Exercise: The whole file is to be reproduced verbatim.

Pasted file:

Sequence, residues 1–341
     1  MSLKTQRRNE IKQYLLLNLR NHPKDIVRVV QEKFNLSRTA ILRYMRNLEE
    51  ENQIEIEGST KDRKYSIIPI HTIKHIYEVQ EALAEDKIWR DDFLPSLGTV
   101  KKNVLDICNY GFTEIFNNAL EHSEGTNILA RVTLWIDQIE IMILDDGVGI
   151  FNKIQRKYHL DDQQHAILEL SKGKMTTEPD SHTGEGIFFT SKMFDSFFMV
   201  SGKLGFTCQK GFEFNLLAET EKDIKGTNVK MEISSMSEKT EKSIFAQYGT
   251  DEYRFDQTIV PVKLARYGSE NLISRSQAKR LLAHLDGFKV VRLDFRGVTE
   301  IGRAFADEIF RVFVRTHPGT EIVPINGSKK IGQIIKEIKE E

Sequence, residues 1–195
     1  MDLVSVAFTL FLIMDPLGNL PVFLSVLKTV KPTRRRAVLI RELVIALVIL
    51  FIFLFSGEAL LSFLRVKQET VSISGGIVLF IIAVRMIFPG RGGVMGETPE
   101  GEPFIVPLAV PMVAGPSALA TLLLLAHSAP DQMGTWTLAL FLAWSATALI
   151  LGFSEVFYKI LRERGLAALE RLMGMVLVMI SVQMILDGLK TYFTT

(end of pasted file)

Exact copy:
Sequence, residues 1–341
     1  MSLKTQRRNE IKQYLLLNLR NHPKDIVRVV QEKFNLSRTA ILRYMRNLEE
    51  ENQIEIEGST KDRKYSIIPI HTIKHIYEVQ EALAEDKIWR DDFLPSLGTV
   101  KKNVLDICNY GFTEIFNNAL EHSEGTNILA RVTLWIDQIE IMILDDGVGI
   151  FNKIQRKYHL DDQQHAILEL SKGKMTTEPD SHTGEGIFFT SKMFDSFFMV
   201  SGKLGFTCQK GFEFNLLAET EKDIKGTNVK MEISSMSEKT EKSIFAQYGT
   251  DEYRFDQTIV PVKLARYGSE NLISRSQAKR LLAHLDGFKV VRLDFRGVTE
   301  IGRAFADEIF RVFVRTHPGT EIVPINGSKK IGQIIKEIKE E

Sequence, residues 1–195
     1  MDLVSVAFTL FLIMDPLGNL PVFLSVLKTV KPTRRRAVLI RELVIALVIL
    51  FIFLFSGEAL LSFLRVKQET VSISGGIVLF IIAVRMIFPG RGGVMGETPE
   101  GEPFIVPLAV PMVAGPSALA TLLLLAHSAP DQMGTWTLAL FLAWSATALI
   151  LGFSEVFYKI LRERGLAALE RLMGMVLVMI SVQMILDGLK TYFTT